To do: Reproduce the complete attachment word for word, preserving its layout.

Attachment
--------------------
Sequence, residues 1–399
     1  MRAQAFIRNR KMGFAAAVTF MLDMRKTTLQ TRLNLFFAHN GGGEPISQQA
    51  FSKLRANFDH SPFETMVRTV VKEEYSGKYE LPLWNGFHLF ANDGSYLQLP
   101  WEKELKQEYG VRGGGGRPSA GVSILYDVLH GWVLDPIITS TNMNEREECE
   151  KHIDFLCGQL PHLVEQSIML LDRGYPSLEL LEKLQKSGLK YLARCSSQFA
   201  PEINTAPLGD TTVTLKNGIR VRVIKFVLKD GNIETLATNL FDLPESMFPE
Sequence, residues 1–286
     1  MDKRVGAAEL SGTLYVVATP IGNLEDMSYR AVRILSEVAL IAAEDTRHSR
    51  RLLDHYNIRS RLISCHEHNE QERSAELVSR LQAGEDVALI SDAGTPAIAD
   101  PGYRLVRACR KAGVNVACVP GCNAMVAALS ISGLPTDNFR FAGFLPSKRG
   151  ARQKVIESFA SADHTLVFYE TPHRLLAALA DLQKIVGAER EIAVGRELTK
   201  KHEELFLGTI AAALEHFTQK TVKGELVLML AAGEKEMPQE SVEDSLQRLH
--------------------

Sequence, residues 1–399
     1  MRAQAFIRNR KMGFAAAVTF MLDMRKTTLQ TRLNLFFAHN GGGEPISQQA
    51  FSKLRANFDH SPFETMVRTV VKEEYSGKYE LPLWNGFHLF ANDGSYLQLP
   101  WEKELKQEYG VRGGGGRPSA GVSILYDVLH GWVLDPIITS TNMNEREECE
   151  KHIDFLCGQL PHLVEQSIML LDRGYPSLEL LEKLQKSGLK YLARCSSQFA
   201  PEINTAPLGD TTVTLKNGIR VRVIKFVLKD GNIETLATNL FDLPESMFPE
Sequence, residues 1–286
     1  MDKRVGAAEL SGTLYVVATP IGNLEDMSYR AVRILSEVAL IAAEDTRHSR
    51  RLLDHYNIRS RLISCHEHNE QERSAELVSR LQAGEDVALI SDAGTPAIAD
   101  PGYRLVRACR KAGVNVACVP GCNAMVAALS ISGLPTDNFR FAGFLPSKRG
   151  ARQKVIESFA SADHTLVFYE TPHRLLAALA DLQKIVGAER EIAVGRELTK
   201  KHEELFLGTI AAALEHFTQK TVKGELVLML AAGEKEMPQE SVEDSLQRLH